By GREG COOK  |  June 2, 2008

Your work moves between handmade design and tech stuff.
I think that in general because modernism was so dominating over the last 80 years so much of the work became so unbelievably cold that a regular person, my mom or your mom, doesn’t even know that there is a person behind that doing this. If you ask my mom, how is the New York Times designed? She probably thinks it’s a machine. You know she’s aware of the writer, but she wouldn’t be aware that there was actually somebody who makes these decisions, who really designs the entire paper. I think bringing a human element, a clearly hand-crafted element, can engage an audience again.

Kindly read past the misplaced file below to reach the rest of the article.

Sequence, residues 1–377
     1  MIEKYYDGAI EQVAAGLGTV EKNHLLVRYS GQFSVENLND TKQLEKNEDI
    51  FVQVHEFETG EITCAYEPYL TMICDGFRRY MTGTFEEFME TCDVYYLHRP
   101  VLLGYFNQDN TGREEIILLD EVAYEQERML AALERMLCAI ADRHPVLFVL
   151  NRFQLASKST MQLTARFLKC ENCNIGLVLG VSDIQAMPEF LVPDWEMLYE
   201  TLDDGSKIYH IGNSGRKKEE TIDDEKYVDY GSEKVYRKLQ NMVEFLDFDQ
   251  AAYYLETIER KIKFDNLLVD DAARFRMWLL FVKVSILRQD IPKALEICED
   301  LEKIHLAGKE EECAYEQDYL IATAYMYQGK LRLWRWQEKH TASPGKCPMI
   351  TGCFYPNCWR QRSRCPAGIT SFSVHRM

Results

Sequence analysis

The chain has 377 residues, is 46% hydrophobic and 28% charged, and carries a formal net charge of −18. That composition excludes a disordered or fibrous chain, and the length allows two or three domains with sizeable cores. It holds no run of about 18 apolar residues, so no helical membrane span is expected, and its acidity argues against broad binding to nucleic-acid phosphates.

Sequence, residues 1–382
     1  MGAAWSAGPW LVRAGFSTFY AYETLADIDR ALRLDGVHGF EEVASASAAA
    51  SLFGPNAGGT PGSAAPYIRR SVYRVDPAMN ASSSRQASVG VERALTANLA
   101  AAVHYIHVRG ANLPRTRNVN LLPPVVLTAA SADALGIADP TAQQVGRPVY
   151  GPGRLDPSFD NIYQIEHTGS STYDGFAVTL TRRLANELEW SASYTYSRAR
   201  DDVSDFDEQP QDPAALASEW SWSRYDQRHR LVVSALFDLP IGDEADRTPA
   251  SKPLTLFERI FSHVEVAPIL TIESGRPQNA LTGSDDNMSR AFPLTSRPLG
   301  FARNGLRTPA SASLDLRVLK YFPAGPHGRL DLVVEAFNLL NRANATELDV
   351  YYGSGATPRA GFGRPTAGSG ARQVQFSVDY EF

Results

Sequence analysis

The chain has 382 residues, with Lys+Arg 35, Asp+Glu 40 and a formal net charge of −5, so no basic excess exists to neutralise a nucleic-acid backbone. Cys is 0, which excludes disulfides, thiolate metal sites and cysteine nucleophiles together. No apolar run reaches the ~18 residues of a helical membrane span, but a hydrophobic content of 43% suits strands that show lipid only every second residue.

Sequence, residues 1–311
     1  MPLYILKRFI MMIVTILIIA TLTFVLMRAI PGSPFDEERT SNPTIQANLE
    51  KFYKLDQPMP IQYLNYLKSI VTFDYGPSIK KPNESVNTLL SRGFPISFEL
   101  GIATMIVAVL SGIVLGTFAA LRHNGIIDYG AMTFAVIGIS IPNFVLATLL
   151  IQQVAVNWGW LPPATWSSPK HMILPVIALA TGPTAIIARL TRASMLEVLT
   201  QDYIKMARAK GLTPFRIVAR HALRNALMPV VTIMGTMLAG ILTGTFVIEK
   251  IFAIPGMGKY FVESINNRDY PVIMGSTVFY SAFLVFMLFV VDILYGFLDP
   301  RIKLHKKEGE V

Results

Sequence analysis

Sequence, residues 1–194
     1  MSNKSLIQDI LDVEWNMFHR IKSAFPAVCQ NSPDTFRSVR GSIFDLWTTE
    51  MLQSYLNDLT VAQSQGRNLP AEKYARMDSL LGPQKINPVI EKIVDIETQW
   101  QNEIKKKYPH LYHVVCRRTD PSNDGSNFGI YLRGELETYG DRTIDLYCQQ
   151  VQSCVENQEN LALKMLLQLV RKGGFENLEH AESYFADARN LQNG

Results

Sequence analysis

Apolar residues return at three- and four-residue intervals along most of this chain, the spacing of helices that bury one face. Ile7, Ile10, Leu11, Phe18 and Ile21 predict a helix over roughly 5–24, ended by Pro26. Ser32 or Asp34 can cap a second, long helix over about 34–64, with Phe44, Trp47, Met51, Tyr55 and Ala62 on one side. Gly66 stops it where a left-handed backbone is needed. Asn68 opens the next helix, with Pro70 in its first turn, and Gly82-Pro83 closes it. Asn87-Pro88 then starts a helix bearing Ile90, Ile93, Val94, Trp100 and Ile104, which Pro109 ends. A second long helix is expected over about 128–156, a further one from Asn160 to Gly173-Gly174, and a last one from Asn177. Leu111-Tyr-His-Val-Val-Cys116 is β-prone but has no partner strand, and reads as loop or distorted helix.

In the past you've wondered whether it's possible to touch somebody's heart with design. Can you give me an example of your work that touched somebody's heart?
The one that I know for sure was a target audience of one, my friend Reini. My friend Reini came to visit [New York from Austria] and he was a little scared that nobody would go out with him. And all the sophisticated New York women would ignore him. So I printed up this poster for him that said, “Dear Girls! Please Be Nice to Reini.” And he got a girlfriend out of it.

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